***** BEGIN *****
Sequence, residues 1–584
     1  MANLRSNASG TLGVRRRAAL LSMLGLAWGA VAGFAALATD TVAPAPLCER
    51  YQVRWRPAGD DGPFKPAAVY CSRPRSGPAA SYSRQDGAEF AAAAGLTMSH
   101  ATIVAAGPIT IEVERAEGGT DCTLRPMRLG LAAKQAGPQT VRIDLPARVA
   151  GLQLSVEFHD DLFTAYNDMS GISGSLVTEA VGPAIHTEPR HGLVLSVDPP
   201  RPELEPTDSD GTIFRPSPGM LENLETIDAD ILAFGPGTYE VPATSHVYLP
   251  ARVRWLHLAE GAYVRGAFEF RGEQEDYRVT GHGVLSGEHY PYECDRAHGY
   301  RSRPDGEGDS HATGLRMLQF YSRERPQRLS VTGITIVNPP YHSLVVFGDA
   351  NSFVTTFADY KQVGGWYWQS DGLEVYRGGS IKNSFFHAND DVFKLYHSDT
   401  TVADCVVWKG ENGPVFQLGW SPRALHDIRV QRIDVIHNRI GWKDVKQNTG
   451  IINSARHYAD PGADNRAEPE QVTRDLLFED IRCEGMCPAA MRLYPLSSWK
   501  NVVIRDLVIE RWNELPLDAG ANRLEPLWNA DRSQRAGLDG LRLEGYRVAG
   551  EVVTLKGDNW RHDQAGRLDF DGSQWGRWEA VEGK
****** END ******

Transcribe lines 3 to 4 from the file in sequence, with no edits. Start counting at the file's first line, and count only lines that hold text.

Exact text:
    51  YQVRWRPAGD DGPFKPAAVY CSRPRSGPAA SYSRQDGAEF AAAAGLTMSH
   101  ATIVAAGPIT IEVERAEGGT DCTLRPMRLG LAAKQAGPQT VRIDLPARVA